lover

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See also: løver and Lover

English[edit]

Etymology 1[edit]

From Middle English lovere, luffer, lufere, equivalent to love +‎ -er.

Alternative forms[edit]

  • lovyer (dialectal or obsolete)

Pronunciation[edit]

Noun[edit]

lover (plural lovers)

  1. One who loves and cares for another person in a romantic way; a sweetheart, love, soulmate, boyfriend, girlfriend or spouse.
    Synonyms: love, love interest, spouse, sweetheart, significant other; see also Thesaurus:lover
    • c. 1596–1598, William Shakespeare, “The Merchant of Venice”, in Mr. William Shakespeares Comedies, Histories, & Tragedies: Published According to the True Originall Copies (First Folio), London: [] Isaac Iaggard, and Ed[ward] Blount, published 1623, OCLC 606515358, [Act II, scene vi], page 170, column 2:
      [] loue is blinde, and louers cannot ſee / The pretty follies that themſelues commit, []
    • 1976, Joni Mitchell (lyrics and music), “Song For Sharon”, in Hejira:
      Well there's a wide wide world of noble causes / And lovely landscapes to discover / But all I really want to do right now / Is find another lover
    • 2016, David Boulter; Stuart A. Staples (lyrics and music), “Like Only Lovers Can”, in The Waiting Room, performed by Tindersticks:
      We can only hurt each other the way that lovers can / So where do we go, where do we hide now?
  2. A sexual partner, especially one with whom someone is having an affair.
    Synonyms: see Thesaurus:sexual partner
    • 2018 January 17, "Libra Woman: Personality Traits: Love & More", Astrology.com [1]
      A Libra woman seems to always be in love - either with her long term partner or with an ever-changing series of rotating lovers.
  3. A person who loves something.
    Synonym: connoisseur
    a lover of fine wines
    a lover of his/her own country
  4. (West Country, with "my") An informal term of address for any friend.
    All right, me lover?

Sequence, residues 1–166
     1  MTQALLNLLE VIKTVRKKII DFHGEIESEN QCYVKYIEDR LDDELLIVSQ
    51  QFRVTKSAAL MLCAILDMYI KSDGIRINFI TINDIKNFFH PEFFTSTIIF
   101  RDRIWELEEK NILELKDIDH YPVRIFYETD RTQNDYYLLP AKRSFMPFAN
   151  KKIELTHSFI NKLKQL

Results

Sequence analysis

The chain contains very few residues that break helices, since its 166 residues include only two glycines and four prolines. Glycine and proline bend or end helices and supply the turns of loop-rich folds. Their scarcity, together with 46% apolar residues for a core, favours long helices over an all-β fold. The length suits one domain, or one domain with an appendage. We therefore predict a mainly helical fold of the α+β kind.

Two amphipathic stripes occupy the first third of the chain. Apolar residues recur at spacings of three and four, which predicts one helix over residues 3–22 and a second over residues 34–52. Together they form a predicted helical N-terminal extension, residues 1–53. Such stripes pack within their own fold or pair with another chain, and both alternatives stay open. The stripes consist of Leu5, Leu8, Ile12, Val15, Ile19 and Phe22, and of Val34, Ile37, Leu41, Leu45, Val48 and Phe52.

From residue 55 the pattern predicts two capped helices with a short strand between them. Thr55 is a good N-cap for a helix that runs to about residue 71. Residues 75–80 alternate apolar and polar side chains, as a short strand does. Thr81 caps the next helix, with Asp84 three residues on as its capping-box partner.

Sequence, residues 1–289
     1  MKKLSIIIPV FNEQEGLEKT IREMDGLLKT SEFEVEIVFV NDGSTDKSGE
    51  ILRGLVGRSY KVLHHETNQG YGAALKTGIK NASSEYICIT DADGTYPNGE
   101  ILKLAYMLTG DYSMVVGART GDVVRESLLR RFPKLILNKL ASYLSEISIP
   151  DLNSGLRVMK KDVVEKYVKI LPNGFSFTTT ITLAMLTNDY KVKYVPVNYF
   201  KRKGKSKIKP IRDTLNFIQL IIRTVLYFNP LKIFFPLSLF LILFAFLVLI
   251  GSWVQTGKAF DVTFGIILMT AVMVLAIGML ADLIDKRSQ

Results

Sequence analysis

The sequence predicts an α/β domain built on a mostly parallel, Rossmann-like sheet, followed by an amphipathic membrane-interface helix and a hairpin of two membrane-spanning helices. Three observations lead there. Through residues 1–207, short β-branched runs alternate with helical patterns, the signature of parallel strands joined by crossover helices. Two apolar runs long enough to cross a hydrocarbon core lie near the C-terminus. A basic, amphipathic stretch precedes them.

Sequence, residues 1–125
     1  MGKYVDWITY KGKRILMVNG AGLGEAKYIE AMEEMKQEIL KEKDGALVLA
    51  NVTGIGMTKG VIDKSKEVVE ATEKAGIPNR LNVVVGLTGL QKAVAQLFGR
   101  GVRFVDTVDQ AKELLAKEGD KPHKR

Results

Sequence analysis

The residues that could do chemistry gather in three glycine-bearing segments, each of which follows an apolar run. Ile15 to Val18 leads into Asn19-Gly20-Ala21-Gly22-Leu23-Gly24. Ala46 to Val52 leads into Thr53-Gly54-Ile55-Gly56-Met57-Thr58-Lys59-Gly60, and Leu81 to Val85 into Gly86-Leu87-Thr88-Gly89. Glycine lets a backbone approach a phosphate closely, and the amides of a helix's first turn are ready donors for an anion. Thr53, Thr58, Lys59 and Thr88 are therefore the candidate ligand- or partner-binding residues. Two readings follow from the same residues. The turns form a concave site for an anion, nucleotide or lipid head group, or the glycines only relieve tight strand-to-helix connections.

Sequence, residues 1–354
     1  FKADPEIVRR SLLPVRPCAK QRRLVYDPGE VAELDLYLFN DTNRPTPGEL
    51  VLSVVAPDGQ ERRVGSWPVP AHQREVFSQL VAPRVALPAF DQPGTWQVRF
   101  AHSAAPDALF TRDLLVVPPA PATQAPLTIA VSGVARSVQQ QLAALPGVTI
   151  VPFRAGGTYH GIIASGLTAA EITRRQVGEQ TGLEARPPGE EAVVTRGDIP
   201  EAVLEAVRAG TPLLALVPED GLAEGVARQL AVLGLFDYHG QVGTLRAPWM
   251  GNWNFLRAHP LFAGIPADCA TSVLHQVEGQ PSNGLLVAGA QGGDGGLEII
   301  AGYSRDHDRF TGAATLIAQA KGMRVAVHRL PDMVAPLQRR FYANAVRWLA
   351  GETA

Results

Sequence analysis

Derived terms[edit]
Descendants[edit]
  • German: Lover
Translations[edit]

Etymology 2[edit]

Noun[edit]

lover (plural lovers)

  1. Obsolete form of louver.

Anagrams[edit]


Dutch[edit]

Alternative forms[edit]

Etymology[edit]

From Middle Dutch lover, originally the plural of loof. As with other words with plurals in -er, eventually this was substituted with -eren, creating loveren. This new plural was then reanalysed as a separate noun and a new singular form lover was back-formed from it.

Pronunciation[edit]

Noun[edit]

lover n (plural lovers, diminutive lovertje n)

  1. foliage

Synonyms[edit]

Anagrams[edit]


French[edit]

Etymology[edit]

A 17th century borrowing from North Sea Germanic language verb "lofen, lufen". The 1986 Dictionnaire de l'Académie française identifies the source as Low German (Dutch Low Saxon or German Low German); Jan de Vries' Nederlands Etymologisch Woordenboek (which identifies it as a possible cognate of Dutch leuver) suggests East Frisian instead.

Pronunciation[edit]

Verb[edit]

lover

  1. to coil (a rope or cord), to fake a line
  2. (reflexive, of a snake) to coil up, wind up; to curl up

Conjugation[edit]

Further reading[edit]

Anagrams[edit]


Middle English[edit]

Noun[edit]

lover (plural lovers)

  1. lover

Norwegian Bokmål[edit]

Noun[edit]

lover m pl

  1. indefinite masculine plural of lov

Verb[edit]

lover

  1. present tense of love

Norwegian Nynorsk[edit]

Etymology 1[edit]

Alternative forms[edit]

Noun[edit]

lover f pl

  1. indefinite feminine plural of lov

Etymology 2[edit]

Verb[edit]

lover

  1. present of lova